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Environmental Peacebuilding in the Pacific

It has been said that the impact of climate change on small islands is no less threatening than the dangers guns and bombs pose to large nations.[i] Rising sea levels, ocean warming, soil erosion, and increasing frequency and intensity of natural disasters all impact most profoundly on the livelihoods, human security, food security and water security of the Pacific island countries that are least able to cope with these threat multipliers. In regions where natural resources come under strain—through growing demand, overexploitation, environmental degradation, or other causes of scarcity—nativism will surge and violent conflict may erupt.[ii] The Department of Defence must, therefore, learn to anticipate and manage risks that develop as a result of climate change to build resilience among our Pacific neighbours.[iii] After all, Australia’s national interest is closely linked to the stability and prosperity of our immediate region, which spans Papua New Guinea (PNG), Timor-Leste and Pacific island countries and territories (PICTs) in the South Pacific.[iv]

No long-term foreign policy objective is more important to Australia, argues the 2017 Foreign Affairs White Paper, than ensuring our region evolves peacefully.[v] At the same time, Australia’s strategic weight, proximity and resources place high expectations on us to respond to instability or natural disasters—and, as the 2016 Defence White Paper points out, climate change means we will be called on to do so more often.[vi] The Australian Government’s approach to better protecting and advancing our interests in a changing Indo-Pacific region begins with substantial investments in the foundations of our national strength. That means building a more capable, agile and potent Australian Defence Force (ADF) and boosting defence engagement with countries in the region, including through more training, exercises and capacity-building.[vii]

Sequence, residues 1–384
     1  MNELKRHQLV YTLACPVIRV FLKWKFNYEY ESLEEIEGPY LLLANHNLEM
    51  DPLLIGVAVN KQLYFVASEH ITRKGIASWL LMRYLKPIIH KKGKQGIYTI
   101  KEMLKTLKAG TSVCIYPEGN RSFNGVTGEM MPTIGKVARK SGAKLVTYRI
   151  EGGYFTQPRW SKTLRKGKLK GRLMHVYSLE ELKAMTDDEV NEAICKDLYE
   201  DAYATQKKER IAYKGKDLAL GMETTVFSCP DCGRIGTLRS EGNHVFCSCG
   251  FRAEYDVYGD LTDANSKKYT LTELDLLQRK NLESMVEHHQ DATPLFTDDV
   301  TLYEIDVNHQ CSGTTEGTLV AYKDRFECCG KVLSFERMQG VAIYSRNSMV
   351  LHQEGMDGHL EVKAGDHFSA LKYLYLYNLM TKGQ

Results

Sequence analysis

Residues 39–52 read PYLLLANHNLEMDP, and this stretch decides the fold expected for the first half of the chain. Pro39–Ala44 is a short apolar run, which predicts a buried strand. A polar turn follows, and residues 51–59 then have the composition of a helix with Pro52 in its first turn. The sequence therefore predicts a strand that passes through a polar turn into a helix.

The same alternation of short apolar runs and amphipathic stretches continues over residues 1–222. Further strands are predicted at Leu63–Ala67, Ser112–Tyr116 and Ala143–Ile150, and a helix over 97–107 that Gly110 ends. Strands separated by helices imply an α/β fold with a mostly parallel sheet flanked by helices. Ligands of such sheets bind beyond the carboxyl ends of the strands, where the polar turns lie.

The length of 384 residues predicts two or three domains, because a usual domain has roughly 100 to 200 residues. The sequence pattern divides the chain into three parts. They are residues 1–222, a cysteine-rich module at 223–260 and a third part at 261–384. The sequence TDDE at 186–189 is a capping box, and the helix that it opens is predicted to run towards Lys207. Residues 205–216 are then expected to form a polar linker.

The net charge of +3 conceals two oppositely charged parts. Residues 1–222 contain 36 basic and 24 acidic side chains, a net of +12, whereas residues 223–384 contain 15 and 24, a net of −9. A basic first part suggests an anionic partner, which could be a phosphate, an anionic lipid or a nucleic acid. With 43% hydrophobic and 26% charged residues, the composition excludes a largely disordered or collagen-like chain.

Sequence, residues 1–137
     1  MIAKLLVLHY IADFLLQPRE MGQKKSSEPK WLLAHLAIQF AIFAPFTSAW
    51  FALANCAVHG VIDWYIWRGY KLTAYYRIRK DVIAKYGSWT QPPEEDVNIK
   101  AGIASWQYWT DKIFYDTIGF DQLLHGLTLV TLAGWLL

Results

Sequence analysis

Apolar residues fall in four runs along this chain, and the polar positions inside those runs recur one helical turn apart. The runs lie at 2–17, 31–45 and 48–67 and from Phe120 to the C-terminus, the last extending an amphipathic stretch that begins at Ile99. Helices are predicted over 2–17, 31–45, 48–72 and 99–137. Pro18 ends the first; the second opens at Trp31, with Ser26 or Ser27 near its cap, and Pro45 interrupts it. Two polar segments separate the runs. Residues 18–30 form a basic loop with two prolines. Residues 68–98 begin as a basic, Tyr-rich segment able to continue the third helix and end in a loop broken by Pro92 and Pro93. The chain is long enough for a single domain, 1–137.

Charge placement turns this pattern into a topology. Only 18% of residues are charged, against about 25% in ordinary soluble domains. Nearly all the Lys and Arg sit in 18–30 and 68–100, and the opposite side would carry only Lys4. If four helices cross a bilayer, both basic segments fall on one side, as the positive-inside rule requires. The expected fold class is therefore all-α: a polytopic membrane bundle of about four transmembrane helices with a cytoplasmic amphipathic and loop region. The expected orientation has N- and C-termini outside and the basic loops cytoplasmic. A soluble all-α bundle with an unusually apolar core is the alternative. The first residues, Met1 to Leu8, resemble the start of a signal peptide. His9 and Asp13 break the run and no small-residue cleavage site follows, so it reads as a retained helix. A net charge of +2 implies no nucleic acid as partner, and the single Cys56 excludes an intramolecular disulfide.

Environmental peacebuilding may provide a useful approach to focusing this effort where it may be most effective—in supporting the equitable resolution of conflicts less than war that are caused or exacerbated by environmental degradation, scarcity, overexploitation of natural resources, or the effects of climate change. Over the past two decades, the expectation that environmental cooperation will foster regional peace and stability has led to increased allocation of international funding to such initiatives, and recognition among academics and practitioners of the rising importance of environmental peacebuilding.[viii]

What is environmental peacebuilding? For the academic, it is a discursive construct in which the biophysical environment is conceived in terms of scientific definitions and human needs, rather than in terms of state security.[ix] For the practitioner, it is an analytical lens through which good environmental governance emerges as a framework for creating, validating or changing institutions in order to prevent, mitigate or resolve conflicts over natural resources.[x]

Understanding that the potential for conflict in our region is caused or exacerbated by environmental factors may help the ADF understand the potential for peace. This monograph applies the environmental peacebuilding lens to nascent conflicts and collective action problems facing the countries and territories of the south-west Pacific region, namely the Cook Islands, Fiji, Kiribati, the Republic of the Marshall Islands, the Federated States of Micronesia, Nauru, Niue, Palau, PNG, Samoa, Solomon Islands, Tokelau, Tonga, Tuvalu, and Vanuatu. It explores security challenges in the region arising from the governance of natural resources and the environment, and opportunities for environmental peacebuilding.


[i] Conroy, Pat. ‘Climate change is a national security issue’. The Interpreter, 7 August 2019.

[ii] Bergin, Anthony. ‘Defence must regard climate change as a serious security issue’. Australian Strategic Policy Institute, 2 December 2016.

[iii] Bergin, 2016.

[iv] Department of Defence. 2016 Defence White Paper. Commonwealth of Australia, 2016. p. 54

[v] Department of Foreign Affairs and Trade. 2017 Foreign Policy White Paper. Commonwealth of Australia, 2017. pp. 37–38

[vi] 2016 Defence White Paper, pp. 55–56

[vii] 2017 Foreign Policy White Paper, pp. 37–38

[viii] Dresse, Anaïs, Itay Fischhendler, Jonas Østergaard Nielsen, and Dimitrios Zikos. ‘Environmental peacebuilding: Towards a theoretical framework’. Cooperation and Conflict 54, no. 1 (2019): p. 113

[ix] Dresse et al., 2019. pp. 112–113

[x] Dresse et al., 2019. p. 103

Cover of Occasional Paper #4 - Environmental Peacebuilding in the Pacific

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ISSN (Online) 2653-0406
ISSN (Print) 2653-0414

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